Retained Foreign Object / Surgical Sponge / Abdominal Surgery
All surgeries inherently carry some form of risk. As a patient, you don’t expect one of those risks to be that your surgical team would make a mistake and leave a surgical sponge inside your body after the procedure is completed. To cut down on errors involving foreign objects retained after surgery, hospitals and other healthcare facilities often have procedures in place to guard against these errors. When medical personnel follow proper procedures, the likelihood of error decreases. However, negligence can still happen and if it does, the impact on a patient can range from serious injury to life-threatening illness.
There are many factors which may occur in the operating room that can lead to an increased risk of retained foreign objects. One reason for an increased risk is the body mass index of the patient. Sponges and other instruments may slip into an area that is not easily seen by medical personnel and could be left inside a patient after surgery. Another reason for increased risk is a lengthy surgery. The longer it takes to perform the surgery the more likely a mistake is to be made as staff may mistakenly think that the object count was already performed. Yet another reason for increased risk for retained foreign objects is emergency or urgent cases. When time is of the essence and people are hurrying to stabilize a patient or perform a procedure quickly, a proper count of instruments may not be completed, thus making a post-operative count of medical instruments difficult.
While healthcare professionals do their best to adhere to procedures that reduce the risk of a retained foreign object after surgery, they should also be especially alert to any patient complaints post-operatively to ensure there were no mistakes made. When a patient complains of pain or displays other symptoms such as nausea, dizziness, fever, or lethargy, medical personnel should take these issues seriously and screen the patient for possible causes including a retained object from surgery. Considering this possibility can be a matter of life or death for a patient.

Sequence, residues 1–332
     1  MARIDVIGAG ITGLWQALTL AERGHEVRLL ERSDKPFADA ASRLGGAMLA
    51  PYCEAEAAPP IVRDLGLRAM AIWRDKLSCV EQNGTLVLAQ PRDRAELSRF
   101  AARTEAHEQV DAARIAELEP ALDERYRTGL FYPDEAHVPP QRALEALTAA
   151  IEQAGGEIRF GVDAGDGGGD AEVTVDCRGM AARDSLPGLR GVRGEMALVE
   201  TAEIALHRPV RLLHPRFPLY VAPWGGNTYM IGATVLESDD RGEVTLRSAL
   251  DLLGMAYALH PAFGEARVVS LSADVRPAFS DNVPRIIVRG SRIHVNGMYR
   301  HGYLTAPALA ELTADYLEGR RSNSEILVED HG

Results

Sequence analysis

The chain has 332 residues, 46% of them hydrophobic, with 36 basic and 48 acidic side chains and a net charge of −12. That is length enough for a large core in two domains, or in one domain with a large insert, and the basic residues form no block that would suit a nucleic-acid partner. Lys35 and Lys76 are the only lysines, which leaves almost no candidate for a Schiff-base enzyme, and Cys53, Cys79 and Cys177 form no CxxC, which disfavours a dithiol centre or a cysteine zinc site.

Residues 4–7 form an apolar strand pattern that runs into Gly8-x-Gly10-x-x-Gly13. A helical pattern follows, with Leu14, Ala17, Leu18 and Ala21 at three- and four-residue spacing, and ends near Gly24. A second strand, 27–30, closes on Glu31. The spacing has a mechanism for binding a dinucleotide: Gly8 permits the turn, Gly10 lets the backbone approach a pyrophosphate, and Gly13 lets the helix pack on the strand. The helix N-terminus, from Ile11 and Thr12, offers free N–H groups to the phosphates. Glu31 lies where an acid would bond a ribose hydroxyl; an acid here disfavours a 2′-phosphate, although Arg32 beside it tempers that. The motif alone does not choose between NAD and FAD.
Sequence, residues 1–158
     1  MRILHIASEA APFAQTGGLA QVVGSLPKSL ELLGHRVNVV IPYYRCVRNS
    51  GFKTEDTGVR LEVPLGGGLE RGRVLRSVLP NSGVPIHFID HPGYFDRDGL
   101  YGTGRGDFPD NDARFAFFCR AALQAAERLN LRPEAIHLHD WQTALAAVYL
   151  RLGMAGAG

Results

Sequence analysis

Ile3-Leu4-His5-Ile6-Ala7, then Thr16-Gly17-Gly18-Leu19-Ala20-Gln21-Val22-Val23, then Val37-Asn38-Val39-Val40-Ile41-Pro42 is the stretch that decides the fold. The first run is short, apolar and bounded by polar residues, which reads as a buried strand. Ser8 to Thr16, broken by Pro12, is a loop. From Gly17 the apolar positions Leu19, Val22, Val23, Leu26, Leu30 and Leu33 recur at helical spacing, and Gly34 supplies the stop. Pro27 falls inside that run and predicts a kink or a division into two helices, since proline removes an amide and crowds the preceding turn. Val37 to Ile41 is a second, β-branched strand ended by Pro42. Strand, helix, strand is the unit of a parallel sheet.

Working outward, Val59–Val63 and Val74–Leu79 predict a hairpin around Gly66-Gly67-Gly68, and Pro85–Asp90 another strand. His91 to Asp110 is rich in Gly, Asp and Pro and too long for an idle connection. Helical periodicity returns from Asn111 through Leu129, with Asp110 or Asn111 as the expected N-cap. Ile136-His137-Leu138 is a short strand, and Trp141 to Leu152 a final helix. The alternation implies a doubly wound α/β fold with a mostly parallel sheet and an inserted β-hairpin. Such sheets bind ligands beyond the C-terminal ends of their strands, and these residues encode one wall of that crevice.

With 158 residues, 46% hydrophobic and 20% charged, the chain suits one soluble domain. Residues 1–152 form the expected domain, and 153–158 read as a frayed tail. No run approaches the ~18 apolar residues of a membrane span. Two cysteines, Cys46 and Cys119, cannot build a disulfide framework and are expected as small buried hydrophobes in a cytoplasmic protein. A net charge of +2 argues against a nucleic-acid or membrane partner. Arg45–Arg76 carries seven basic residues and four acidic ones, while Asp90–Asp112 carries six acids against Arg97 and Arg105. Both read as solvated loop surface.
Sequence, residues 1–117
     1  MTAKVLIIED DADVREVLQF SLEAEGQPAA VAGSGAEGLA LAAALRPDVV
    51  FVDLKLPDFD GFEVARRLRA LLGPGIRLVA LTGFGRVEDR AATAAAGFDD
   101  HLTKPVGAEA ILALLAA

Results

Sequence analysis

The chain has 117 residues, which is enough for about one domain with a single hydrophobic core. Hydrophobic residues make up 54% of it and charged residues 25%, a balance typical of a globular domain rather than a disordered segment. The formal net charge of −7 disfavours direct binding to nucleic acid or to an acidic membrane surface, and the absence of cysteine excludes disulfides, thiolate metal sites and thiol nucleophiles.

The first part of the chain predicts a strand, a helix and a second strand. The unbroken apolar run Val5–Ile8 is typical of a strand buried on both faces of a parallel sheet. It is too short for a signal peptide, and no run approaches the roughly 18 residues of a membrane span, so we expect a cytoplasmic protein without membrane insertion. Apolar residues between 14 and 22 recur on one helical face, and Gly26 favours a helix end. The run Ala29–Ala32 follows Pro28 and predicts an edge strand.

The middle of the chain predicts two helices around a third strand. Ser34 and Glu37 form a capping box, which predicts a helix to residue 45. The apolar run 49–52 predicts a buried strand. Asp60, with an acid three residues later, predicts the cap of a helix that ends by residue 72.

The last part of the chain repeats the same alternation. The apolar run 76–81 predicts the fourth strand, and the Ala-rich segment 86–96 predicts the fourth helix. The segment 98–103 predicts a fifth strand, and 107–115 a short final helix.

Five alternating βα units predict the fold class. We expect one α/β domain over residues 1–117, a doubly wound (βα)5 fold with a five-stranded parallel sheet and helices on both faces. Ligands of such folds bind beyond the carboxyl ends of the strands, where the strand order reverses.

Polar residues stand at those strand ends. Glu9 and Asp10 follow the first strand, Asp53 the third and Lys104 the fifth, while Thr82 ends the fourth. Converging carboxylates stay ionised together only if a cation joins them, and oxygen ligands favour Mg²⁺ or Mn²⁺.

Summary of a Claim
Failure of surgeons and sponge count surgical assistants to remove a sponge during an abdominal surgery resulted in retention of the sponge for almost two years causing several abdominal symptoms. Significant settlement obtained.
Errors of any type can be costly. When the error involves medical personnel and their failure to account for all surgical instruments which results in a retained foreign object after surgery, the impact on your health can be significant. Surgical sponges are frequently used in a variety of procedures. These items must be counted prior to and immediately following a procedure to ensure no objects are left behind. Failure to do this can result in a second surgery to remove the item in addition to any serious injury or illness the sponge may have caused.
If you or someone you care about was seriously injured due to a medical professional making an error which caused a foreign object to be retained in your body after a surgery, such as a surgical sponge, contact us. Our Indiana medical malpractice attorneys can discuss your claim and inform you of your legal rights and options.